Thursday, 5 May 2016

Édith Piaf










 Édith Piaf was a France's greatest popular singer, songwriter and actress who born on 19th December 1915, in Belleville, Paris, France. Edith Piaf is the singer of love, sorrow and music. Piaf spent her youth entertaining passers-by, receiving little formal education in the process. She often accompanied her father's acrobat street act with her singing and at various times was forced to live with various relatives, in alleys or in cheap hotels.





Her fortunes finally changed when an impresario, Louis Leplee, mesmerized by what he heard, offered the starving but talented urchin a contract. He alone was responsible for taking her off the streets at age 20 and changing her name from Edith Gassion to "La Mome Piaf" (or "Kid Sparrow").







Piaf grew in status entertaining in elegant cafés and cabarets and became a singing sensation amid the chic French society with her throbbing vocals and raw, emotional power. From 1936 Piaf recorded many albums and eventually became one of the highest paid stars in the world. She was first embroiled in scandal when her mentor, Leplee, was murdered and she was held for questioning. She managed to survive the messy affair and carry on while her ever-growing society circle now began to include such elite members as writer/director Jean Cocteau. Piaf also took to writing and composing around this time; one of the over 80 songs she wrote included her signature standard, "La vie en rose." Although she appeared sporadically in films, it was live audiences that sustained her.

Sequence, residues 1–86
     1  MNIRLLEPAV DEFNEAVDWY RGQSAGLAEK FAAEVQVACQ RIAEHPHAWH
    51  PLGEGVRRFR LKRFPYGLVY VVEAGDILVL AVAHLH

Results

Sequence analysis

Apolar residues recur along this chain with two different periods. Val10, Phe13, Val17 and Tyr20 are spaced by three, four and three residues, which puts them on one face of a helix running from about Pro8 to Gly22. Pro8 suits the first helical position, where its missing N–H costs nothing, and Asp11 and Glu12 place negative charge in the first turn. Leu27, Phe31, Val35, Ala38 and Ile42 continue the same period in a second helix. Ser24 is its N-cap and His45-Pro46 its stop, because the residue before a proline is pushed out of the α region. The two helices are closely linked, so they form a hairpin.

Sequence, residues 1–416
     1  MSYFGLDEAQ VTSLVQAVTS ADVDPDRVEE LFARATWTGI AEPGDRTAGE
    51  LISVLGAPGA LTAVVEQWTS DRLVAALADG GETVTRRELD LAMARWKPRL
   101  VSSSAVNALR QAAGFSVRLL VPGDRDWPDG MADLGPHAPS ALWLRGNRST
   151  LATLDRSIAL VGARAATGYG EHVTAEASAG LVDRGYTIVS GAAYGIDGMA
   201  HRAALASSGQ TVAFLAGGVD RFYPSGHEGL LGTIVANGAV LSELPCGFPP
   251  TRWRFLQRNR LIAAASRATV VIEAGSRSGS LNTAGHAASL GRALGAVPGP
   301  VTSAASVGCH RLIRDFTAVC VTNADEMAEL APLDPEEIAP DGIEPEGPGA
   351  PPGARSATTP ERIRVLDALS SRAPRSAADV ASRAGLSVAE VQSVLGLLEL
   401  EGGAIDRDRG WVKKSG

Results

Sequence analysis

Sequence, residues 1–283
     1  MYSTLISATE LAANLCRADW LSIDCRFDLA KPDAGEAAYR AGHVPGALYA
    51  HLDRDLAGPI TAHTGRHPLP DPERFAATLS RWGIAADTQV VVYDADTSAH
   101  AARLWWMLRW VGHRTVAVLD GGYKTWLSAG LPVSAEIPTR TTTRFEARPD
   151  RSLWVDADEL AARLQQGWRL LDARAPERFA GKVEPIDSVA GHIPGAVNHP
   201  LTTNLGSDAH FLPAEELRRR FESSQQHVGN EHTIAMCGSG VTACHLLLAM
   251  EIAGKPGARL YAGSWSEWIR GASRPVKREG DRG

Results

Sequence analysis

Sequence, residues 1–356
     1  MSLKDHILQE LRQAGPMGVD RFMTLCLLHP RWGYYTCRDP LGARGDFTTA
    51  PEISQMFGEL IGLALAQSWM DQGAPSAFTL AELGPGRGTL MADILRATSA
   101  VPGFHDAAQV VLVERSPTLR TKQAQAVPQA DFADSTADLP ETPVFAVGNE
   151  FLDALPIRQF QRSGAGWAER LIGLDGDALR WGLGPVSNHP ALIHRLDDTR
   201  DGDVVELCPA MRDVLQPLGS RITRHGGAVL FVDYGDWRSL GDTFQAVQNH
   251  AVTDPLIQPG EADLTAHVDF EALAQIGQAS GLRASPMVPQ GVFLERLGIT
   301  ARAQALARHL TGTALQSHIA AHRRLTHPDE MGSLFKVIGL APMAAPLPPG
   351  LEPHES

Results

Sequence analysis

Édith Piaf and Sarapo sang together at the Bobino in early 1963, and Piaf also made her final recording, "L'Homme de Berlin." Not long afterward, Piaf slipped into a coma, brought on by cancer. Sarapo and Simone Berteaut took Piaf to her villa in Plascassier, on the French Riviera, to nurse her. She drifted in and out of consciousness for months before passing away on October 11, 1963 -- the same day as legendary writer/filmmaker Jean Cocteau. Her body was taken back to Paris in secret, so that fans could believe she died in her hometown. The news of her death caused a nationwide outpouring of grief, and tens of thousands of fans jammed the streets of Paris, stopping traffic to watch her funeral procession. Her towering stature in French popular music has hardly diminished in the years since; her grave at Père-Lachaise remains one of the famed cemetery's most visited, and her songs continue to be covered by countless classic-style pop artists, both French and otherwise.

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